Monday, July 13, 2015

The Wise Use of Failure

One of the greatest fears anyone has in life is the fear of failure. It’s true. Failure for some people is the very worst thing that could ever happen. Some people are simply paralyzed by the fear of failing, imaging what terrible consequences will result in a failure – public humiliation, eternal shame, smokelightningfire – real end of the world stuff.

 It makes sense to be afraid of failure. It feels terrible. It sometimes has undesirable consequences. Sometimes failure means life is no longer going in that direction. Failure might even mean the end of that important relationship or living here anymore. It can get pretty bad.

But if your relationship with failure is all bad, then you’re missing out on the benefits of failure. Benefits? Of failure? Yes, the benefits of failure. We don’t like to fail and we fear failure because we think it is all bad, but we determine it is all bad because it feels so bad.

While failure feels bad, it is not all bad. There is a baby somewhere in that bathwater, so don’t throw it out. When wisdom is applied to failure, some interesting things happen. In the movie Elizabethtown, (one of my all-time favorite movies) Drew tries to explain to Claire why his failure is so huge that it is impossible to get out from under. He is committed to failure being all bad. Claire has a different relationship with failure. Her relationship with failure is that it is linked to true greatness.

Claire: So, you failed.
Drew: No, you don't get it.

Claire: All right, you really failed. You failed, you failed, you failed. You failed, you failed, you... You think I care about that? I do understand. You're an artist, man. Your job is to break through barriers. Not accept blame and bow and say: "Thank you, I'm a loser, I'll go away now."  You want to be really great? Then have the courage to fail big and stick around. Make them wonder why you're still smiling. That’s true greatness to me.

What Claire knows that she tries to help Drew understand is that when wisdom is applied to failure, there is no greater source of learning, growth, and ultimate greatness. There is a greatness known only to those who have failed that cannot be known by those who have never failed.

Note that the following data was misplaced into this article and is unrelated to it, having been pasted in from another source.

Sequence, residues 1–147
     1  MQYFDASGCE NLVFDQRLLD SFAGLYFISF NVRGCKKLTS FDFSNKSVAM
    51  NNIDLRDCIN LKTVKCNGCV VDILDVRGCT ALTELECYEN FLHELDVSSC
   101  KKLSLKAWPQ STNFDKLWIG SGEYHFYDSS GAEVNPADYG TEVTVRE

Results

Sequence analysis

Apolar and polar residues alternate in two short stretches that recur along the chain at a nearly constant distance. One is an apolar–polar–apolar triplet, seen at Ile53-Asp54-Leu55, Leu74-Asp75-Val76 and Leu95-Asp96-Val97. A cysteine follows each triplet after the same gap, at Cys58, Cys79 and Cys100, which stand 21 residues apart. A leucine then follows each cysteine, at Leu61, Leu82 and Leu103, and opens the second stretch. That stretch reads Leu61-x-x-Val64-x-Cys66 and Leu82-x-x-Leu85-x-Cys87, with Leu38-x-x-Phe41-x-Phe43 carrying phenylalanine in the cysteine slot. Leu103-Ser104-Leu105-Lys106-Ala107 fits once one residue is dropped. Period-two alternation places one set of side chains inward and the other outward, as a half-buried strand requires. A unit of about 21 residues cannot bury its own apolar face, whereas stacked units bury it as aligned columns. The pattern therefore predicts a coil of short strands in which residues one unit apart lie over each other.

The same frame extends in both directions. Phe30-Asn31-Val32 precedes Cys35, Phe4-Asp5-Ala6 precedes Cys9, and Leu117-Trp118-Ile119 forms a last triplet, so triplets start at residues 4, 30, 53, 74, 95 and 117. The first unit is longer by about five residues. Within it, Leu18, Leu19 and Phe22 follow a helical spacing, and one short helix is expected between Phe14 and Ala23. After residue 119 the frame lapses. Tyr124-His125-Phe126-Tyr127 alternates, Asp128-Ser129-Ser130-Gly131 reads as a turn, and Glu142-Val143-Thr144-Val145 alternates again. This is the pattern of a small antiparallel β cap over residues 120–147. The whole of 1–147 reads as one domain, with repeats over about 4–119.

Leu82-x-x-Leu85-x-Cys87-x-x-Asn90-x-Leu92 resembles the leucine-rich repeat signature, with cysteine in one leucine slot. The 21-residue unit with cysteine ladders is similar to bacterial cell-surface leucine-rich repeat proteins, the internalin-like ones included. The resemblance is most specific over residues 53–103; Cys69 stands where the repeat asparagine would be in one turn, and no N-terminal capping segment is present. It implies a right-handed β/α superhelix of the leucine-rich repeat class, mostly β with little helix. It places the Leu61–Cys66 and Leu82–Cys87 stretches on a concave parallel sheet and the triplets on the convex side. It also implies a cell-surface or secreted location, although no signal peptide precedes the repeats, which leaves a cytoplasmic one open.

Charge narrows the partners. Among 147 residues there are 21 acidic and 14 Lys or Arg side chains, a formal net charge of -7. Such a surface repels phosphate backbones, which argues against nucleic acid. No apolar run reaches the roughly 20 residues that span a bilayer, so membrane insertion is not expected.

But how do I get at that greatness? What is the wise use of failure?

·        Learn: Ask failure what it is so generously trying to teach you. And don’t be simply satisfied with “well, I’ll never do that again.” Go deeper. Find out how to do better knowing that each failure is something to stand on top of in order to get a better look at things. Some people call this “failing forward.”

·         Look within. Search your character. What kind of person did this failure expose you as being? What are your areas of weakness, blind spots, and gaps that need attention? Then strategize how to fill these in.

·         Look within again. Search your character for what you did right, how you maintained yourself in the context of failure, how you succeeded within the failure. Nothing was completely a failure. Then strategize how to highlight these strengths.

 The only thing worse than failure is to fail to find its hidden wisdom. Mine your failures for wisdom, understanding, and insight. You will never regret it.

Discernment in the real world: How am I supposed to decide?

Everyone makes millions of decisions in a life time, probably billions. Each day is lined up with hundreds and hundreds of decisions. Most of those decisions are simple and easy, like brushing your teeth in the morning. Other decisions are huge and life altering like whether to go to college, getting married, or what you might do for a living. Although every decision you make deserves your attention and wisdom, the more substantial the decision the more wisdom is needed. Huge decisions come with huge consequences (for better or for worse), so making the best decision you can make is pretty important. Although some decisions must be made in an instant like I’m getting robbed what do I do? Most decisions, however, provide some lead time before having to be made.

But how does someone go about making a good decision? Do good decisions just come out of thin air?